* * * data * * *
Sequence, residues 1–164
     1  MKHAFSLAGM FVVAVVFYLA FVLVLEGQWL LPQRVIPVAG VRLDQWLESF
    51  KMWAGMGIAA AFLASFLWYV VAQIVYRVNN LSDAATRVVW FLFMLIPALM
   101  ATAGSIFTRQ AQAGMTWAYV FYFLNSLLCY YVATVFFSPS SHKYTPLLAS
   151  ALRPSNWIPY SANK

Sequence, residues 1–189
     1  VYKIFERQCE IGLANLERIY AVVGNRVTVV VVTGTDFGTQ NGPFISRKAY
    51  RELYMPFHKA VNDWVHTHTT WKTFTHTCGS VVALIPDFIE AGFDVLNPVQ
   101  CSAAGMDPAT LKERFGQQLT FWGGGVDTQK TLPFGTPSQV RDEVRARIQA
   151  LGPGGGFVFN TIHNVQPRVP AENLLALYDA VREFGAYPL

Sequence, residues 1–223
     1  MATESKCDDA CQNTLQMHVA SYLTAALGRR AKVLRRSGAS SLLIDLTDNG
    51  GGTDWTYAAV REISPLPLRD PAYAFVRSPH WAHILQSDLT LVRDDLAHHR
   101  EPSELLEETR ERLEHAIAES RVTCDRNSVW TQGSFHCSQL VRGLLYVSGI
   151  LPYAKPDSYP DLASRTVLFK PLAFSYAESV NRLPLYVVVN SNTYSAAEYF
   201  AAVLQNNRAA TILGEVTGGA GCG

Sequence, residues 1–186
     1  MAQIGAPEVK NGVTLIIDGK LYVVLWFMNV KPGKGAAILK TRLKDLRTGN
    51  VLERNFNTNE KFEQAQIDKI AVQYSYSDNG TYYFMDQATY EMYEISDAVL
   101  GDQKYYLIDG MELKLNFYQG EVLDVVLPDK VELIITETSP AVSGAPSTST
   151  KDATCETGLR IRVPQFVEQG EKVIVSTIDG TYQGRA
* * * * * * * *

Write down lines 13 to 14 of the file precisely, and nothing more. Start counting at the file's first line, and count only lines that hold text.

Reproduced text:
    51  GGTDWTYAAV REISPLPLRD PAYAFVRSPH WAHILQSDLT LVRDDLAHHR
   101  EPSELLEETR ERLEHAIAES RVTCDRNSVW TQGSFHCSQL VRGLLYVSGI